The Chinese operating units will double from today's 200'000 to more than 400'000. To compare; in North America the numbers will increase to about 300'000, and 340'000 for Europe's five largest economies, according to the International Federation of Robotics (IFR).
China is already the world's largest market in terms of sale of industrial robots. But this merely marks the first step in a fast game of catch-up. Given China's still very low robotic density, the future market dimensions are palpably clear: To date, China only has 30 industrial robots per 10'000 employees in manufacturing industries. In comparison, Germany's robotic density is ten times larger - in Japan it is actually eleven times more. In North America robotic density is five times higher than in China, where the majority of industrial robots are used for handling operations (40%) and for welding (36%). The automotive industry is by far the largest customer (approx. 40%).
"The automation of China's production plants has just started", says Per Vegard Nerseth, Managing Director, ABB Robotics. "As the first foreign robot manufacturer to arrive here, we have observed the market and developments for years now. We have witnessed swift, almost explosive growth over the last two or three years, surpassing even our expectations." Kuka and two Japanese robot manufacturers now also have their own locally-based production sites. Four out of five industrial robots in China are made by foreign manufacturers - the majority from Japan, North America and Europe. Yet more manufacturers are planning to build their own production lines in China.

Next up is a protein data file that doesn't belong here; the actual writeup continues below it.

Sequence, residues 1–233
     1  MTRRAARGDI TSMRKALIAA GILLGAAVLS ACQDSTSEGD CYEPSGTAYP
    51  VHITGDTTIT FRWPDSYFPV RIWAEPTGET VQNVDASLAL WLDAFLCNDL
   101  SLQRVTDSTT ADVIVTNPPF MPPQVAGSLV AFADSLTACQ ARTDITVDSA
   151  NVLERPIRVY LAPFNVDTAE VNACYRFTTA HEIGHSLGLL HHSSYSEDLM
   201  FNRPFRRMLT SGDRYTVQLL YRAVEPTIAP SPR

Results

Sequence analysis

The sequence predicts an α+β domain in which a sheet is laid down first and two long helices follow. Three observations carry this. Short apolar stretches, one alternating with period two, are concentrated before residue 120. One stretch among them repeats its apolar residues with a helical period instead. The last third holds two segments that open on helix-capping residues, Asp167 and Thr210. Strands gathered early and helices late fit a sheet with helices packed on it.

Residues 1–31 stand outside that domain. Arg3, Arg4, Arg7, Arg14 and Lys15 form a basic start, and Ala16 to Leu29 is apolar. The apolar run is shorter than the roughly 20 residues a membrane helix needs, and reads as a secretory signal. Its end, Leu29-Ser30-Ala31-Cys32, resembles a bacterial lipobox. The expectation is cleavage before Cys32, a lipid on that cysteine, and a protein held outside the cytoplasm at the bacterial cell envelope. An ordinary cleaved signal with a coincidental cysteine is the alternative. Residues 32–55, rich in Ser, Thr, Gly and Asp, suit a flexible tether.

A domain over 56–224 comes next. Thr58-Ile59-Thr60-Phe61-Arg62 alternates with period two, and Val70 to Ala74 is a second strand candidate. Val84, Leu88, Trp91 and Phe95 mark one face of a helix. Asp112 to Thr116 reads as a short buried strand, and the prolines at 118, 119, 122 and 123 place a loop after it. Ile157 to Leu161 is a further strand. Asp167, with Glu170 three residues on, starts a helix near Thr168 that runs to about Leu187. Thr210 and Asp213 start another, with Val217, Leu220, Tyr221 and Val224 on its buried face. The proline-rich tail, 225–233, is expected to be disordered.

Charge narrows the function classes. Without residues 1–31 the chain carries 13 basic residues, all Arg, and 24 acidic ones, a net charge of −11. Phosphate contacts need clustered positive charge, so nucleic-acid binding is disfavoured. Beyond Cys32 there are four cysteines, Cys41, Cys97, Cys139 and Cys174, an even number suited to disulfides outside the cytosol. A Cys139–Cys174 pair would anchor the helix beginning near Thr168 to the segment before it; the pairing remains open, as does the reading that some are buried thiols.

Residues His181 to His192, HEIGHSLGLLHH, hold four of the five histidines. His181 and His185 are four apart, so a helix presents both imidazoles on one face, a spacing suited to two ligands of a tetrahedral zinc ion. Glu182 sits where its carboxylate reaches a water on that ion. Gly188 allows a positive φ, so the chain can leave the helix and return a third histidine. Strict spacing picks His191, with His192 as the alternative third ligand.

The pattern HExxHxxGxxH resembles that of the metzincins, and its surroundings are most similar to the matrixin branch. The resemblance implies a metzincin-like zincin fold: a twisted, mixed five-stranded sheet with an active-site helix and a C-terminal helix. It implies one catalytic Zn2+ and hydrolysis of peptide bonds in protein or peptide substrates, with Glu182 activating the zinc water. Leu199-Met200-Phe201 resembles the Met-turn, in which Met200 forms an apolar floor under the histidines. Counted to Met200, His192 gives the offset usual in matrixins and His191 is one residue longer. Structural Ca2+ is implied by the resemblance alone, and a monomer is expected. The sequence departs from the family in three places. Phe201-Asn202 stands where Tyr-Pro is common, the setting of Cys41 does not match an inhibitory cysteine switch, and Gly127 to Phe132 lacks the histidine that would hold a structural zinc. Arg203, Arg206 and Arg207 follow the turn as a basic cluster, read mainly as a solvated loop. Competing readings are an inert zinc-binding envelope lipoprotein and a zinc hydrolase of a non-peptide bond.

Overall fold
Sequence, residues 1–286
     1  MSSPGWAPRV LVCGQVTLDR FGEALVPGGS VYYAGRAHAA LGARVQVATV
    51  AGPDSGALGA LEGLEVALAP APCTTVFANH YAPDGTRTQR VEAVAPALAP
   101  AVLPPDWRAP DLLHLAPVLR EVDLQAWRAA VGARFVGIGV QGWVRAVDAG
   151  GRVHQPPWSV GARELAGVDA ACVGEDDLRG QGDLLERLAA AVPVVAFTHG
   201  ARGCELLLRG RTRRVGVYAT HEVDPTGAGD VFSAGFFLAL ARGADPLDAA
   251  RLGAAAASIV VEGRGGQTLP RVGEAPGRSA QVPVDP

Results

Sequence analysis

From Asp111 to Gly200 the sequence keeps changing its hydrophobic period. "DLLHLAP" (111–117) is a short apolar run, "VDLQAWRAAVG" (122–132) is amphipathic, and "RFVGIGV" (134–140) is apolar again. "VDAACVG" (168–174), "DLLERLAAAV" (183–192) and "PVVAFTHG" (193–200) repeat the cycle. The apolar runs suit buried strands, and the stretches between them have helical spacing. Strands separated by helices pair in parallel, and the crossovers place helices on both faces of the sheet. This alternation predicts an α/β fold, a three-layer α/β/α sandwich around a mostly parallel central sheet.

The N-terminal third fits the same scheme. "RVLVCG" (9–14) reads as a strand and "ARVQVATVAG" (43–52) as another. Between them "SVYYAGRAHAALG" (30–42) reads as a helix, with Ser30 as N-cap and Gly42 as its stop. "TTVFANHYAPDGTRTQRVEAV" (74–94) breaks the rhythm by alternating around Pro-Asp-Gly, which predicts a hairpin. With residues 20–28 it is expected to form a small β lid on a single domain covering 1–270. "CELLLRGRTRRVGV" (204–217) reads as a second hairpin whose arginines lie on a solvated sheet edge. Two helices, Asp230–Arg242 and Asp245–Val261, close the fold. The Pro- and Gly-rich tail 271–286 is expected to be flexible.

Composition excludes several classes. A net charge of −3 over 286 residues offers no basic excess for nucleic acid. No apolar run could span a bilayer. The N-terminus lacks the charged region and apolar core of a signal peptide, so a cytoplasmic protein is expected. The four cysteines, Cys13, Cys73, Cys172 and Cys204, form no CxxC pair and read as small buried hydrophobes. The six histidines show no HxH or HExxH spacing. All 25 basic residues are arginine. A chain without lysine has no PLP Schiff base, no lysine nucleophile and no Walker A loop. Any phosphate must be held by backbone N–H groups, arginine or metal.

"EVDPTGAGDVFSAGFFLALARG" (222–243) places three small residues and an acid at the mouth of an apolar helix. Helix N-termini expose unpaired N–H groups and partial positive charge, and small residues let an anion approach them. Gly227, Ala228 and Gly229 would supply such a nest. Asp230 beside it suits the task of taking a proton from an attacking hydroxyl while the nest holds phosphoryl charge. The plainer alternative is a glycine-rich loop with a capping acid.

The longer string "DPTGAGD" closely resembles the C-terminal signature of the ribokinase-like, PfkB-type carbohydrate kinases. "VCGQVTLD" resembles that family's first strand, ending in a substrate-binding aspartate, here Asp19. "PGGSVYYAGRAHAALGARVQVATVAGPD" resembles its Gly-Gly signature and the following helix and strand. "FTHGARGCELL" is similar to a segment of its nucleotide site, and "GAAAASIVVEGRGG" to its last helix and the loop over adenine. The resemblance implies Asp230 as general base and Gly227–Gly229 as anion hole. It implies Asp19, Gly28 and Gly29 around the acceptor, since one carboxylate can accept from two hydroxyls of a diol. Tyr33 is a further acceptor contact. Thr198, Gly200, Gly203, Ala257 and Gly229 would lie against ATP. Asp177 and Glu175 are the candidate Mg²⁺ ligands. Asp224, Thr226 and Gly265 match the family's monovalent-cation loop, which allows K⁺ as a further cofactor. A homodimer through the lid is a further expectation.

The Chinese government is simultaneously pushing forward with robotic research. Once again the main partners are leading foreign robotic manufacturers. In contrast, Chinese manufacturers have concentrated on customers satisfied with average quality and unsophisticated technology. But sales in this segment have also more than tripled since 2012.